Film festivals such as Locarno, which starts on August 7, are some of the last dubbing-free places to watch films in Europe. swissinfo.ch examines fears that original versions and subtitles are facing extinction.
“Two years ago, I thought that if things carried on as they were, we wouldn’t have subtitles anymore in five years. But now I’m more optimistic,” Leo Baumgartner, head of Warner Bros Switzerland, told swissinfo.ch.
“Now with digitalisation, even in smaller out-of-town places we have one evening a week in the original version, which gives us back a bit of hope. With expensive 35mm prints that would have been impossible.”
While the total number of bums on Swiss cinema seats has stayed roughly the same over the past decade (16,962,996 in 2003 compared with 15,888,585 in 2012), figures from ProCinema, the national association of cinema owners and film distributors, show that the proportion of original, subtitled versions has dropped from 55 per cent of the total to 42 per cent over the same period.
Why? No one really knows. Distributors and cinema owners usually point the finger at, in their opinion, lazy and/or illiterate teenagers, but Frank Braun, manager of two art-house cinemas, Riffraff in Zurich and Bourbaki in Lucerne, reckons this argument is “a bit flimsy”.
He says people generally bet on what makes more money – “that’s the real reason behind this development”.
Given that more than two-thirds of admissions to Swiss cinemas in 2012 were for English-language blockbusters (see box), distributors appear to have given in to teenagers who say that if they pay up to CHF20 ($21.50) to watch a film, they want to be able to understand it.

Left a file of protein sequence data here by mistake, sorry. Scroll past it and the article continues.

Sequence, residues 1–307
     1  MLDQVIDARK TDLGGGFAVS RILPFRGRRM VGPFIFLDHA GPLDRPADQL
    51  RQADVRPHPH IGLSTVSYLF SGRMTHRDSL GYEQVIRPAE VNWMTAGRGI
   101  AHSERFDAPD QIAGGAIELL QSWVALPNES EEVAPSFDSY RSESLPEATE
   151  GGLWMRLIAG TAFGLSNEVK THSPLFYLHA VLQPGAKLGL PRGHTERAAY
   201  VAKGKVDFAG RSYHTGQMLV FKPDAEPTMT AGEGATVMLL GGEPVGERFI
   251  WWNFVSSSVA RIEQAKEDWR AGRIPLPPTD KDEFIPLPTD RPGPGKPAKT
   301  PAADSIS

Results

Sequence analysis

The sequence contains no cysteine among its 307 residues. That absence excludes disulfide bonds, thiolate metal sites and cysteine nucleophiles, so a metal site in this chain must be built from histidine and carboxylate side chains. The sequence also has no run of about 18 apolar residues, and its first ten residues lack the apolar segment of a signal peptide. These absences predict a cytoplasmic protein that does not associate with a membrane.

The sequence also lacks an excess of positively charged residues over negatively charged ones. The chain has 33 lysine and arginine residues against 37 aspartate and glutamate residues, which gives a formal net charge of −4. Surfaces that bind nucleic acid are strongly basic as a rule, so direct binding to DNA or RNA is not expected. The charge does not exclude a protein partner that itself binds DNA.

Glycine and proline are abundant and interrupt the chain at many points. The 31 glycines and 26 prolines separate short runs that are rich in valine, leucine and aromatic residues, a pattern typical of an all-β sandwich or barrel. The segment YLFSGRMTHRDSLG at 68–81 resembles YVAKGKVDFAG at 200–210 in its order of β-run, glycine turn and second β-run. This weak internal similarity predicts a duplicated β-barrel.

Baumgartner doesn’t deny that financial considerations play a role. “If we spend a lot of money on subtitles but then only ten per cent – or even less – of the audience watch them, we then start questioning our decision.”
However, not all young people are subtitle-phobic. Many insist on the original version for a range of reasons, including practising their foreign languages and not having to endure humour which is often lost in translation (see video).
Country market share, 2012
(Countries with more than 1% of the admissions market share in Switzerland)
United States 129 new releases – 8,979,655 admissions – 56.52% market share
France 110 – 2,659,527 – 16.74%
Britain 26 – 1,718,517 – 10.82%
Switzerland 80 – 796,410 – 5.01%
Germany 38 – 526,491 – 3.31%
New Zealand 1 – 415,357 – 2.61%
Films from 60 other countries were shown
(Source: ProCinema)end of infobox
Art house vs blockbusters
"Switzerland is an exception! It has been for a long time,” says Xavier Pattaroni, film programmer for Cinemotion, a group of three cinemas in the French-speaking part of the country.